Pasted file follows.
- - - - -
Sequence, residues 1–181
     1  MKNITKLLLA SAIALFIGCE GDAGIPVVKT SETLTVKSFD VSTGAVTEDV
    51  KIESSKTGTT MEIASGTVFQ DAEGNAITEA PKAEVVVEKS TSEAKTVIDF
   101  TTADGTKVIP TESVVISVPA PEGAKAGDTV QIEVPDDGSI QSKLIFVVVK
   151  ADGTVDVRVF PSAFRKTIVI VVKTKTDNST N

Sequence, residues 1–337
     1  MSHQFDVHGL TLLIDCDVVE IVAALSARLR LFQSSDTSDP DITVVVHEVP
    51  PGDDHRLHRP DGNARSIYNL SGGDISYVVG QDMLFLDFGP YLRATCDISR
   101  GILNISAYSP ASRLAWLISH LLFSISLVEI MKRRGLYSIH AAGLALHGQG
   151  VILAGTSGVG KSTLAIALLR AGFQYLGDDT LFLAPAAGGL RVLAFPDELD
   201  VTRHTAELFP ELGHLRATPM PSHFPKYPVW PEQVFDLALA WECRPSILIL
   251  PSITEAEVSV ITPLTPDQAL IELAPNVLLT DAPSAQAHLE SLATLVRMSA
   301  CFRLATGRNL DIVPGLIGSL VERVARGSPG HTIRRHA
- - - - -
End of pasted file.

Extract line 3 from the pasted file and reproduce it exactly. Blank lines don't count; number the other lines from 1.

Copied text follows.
    51  KIESSKTGTT MEIASGTVFQ DAEGNAITEA PKAEVVVEKS TSEAKTVIDF